On the other hand, a longer barrel also means that you sacrifice maneuverability. If you were hoping to use your .300 Blackout as a close quarters self-defense weapon, you’ll want to go with a 16 inch carbine length or a shorter pistol length barrel.
Buyer’s Guide For The Best .300 Blackout Barrels
These are the most important factors to consider when looking for a new barrel for your .300 Blackout AR-15:
Build Material and Finish
AR-15 barrels these days are available in a wide variety of different materials, from aluminum alloy to carbon fiber to blued steel and so on.
It’s also important for the barrel to be coated in a rust and corrosion resistant barrel so it can stand up well against the elements. Cerakote or duracoat coatings are one option, as is a nitride finish. A nitride finish in particular is a common choice to have over a steel barrel, because it offers superior durability, hardness, and lubricity while also resisting moisture and rain well.
We touched on the twist rate before. The twist rate is basically the number of inches it takes the bullet to travel to make one full rotation before it exits the barrel. A twist rate of 1:7, for instance, means that the round will travel seven inches to make a complete rotation.
As a golden rule, a lower twist rate will result in more accurate shots. Furthermore, a lower twist rate is a good choice to have for supersonic ammunition such as the .300 Blackout and will absolutely be necessary if you plan on shooting the firearm at longer range.
Weight is one of the most overlooked factors when selecting a barrel. A heavier barrel will be more stable, cool off more quickly, and help keep recoil down for faster and more accurate follow up shots. But of course, the negative aspect of a heavier barrel is that it will not be as fun to carry around for extended periods.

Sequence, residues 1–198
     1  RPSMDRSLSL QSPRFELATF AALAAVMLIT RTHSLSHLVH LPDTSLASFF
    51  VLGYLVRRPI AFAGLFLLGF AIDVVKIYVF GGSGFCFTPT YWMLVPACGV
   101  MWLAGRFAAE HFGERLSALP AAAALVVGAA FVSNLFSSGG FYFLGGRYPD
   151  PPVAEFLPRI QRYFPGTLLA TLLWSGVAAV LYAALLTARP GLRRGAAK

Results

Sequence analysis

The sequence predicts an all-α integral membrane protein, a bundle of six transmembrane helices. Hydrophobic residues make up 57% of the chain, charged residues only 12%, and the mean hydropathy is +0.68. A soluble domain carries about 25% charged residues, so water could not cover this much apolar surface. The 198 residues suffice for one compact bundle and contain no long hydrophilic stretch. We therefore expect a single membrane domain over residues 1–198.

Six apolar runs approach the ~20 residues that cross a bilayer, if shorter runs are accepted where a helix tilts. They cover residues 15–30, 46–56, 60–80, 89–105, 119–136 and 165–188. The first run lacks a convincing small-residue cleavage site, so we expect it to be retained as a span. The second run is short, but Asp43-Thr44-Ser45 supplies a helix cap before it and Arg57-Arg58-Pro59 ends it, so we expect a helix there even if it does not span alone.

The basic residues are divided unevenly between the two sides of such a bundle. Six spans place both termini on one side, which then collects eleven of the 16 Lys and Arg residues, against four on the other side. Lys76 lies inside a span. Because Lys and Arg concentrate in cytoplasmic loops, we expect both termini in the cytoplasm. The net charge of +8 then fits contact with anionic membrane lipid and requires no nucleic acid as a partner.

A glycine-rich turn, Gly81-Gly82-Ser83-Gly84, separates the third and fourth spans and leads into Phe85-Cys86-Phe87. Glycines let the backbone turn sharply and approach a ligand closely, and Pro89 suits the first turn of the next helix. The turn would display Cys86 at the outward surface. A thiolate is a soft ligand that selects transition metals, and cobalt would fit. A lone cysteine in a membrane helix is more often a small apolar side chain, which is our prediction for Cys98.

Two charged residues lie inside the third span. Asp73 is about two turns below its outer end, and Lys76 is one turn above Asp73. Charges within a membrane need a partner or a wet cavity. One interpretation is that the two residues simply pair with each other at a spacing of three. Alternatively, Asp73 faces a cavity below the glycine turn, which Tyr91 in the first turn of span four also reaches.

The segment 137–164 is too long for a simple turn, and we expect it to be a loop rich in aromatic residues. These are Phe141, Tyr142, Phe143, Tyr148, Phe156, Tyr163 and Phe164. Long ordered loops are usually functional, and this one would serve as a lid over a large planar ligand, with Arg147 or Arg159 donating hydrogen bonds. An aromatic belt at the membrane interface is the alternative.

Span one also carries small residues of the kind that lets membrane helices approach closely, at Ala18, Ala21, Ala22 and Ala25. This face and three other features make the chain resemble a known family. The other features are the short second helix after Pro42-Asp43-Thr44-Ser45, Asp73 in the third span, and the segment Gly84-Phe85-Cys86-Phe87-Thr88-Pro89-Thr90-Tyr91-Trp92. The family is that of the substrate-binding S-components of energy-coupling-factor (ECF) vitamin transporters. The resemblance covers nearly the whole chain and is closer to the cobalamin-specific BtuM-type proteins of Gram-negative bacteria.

The 3 Best .300 Blackout Barrels For 2020
Now that we’ve covered why you need to upgrade your .300 Blackout barrel, here are our picks for the top three best .300 Blackout barrels for 2020:
Faxon Firearms .300 Blackout Gunner Profile
The Faxon Firearms .300 Blackout Gunner Profile barrel is unique for its gunner profile, which according to Faxon is designed to provide the right combination between heat dissipation and weight. Specifically, the Gunner Profile means that the barrel has a pencil profile before the gas block in order to keep the weight down and preserve the ease of handling.
Meanwhile, the part of the barrel behind the gas block is enlarged to have more material, which helps to withstand extreme heat. This means that the Faxon should theoretically be able to hand sustained firing and heat better than other barrels can.
The Faxon is available in three different barrel lengths of 7.5 inch, 10.5 inch, and 16 inch. It has a back QPQ nitride finish with an additional NP3 coating, which makes it as rust and corrosion resistant as you can possibly ask for. The muzzle at the end of the barrel is threaded with 5/8-24 threads, which makes it fully compatible with several muzzle devices on the market. The 5R rifling design of the barrel also helps to improve accuracy as well.
Overall, the Faxon Firearms is an excellent choice for a .300 Blackout barrel. The Gunner Profile design helps the barrel to handle sustained firing better than many other .300 Blackout barrels on the market, and the QPQ nitride coated finish and NP3 coating makes it as rust and corrosion resistant as you could ask for.
- Designed specifically to handle extended shooting sessions
- QPQ nitride coated finish for solid rust and corrosion resistance
- Has a unique Gunner Profile design
- Comes NP3 coated to extend the life of the barrel
- 5R rifling design helps to improve accuracy
- Available in three different barrel lengths – 7.5 inch, 10.5 inch, and 16 inch
- Designed to withstand sustained fire well
- Will most likely require additional fitting to your AR-15
PSA 10.5” CHF .300 Blackout Pistol Gas Barrel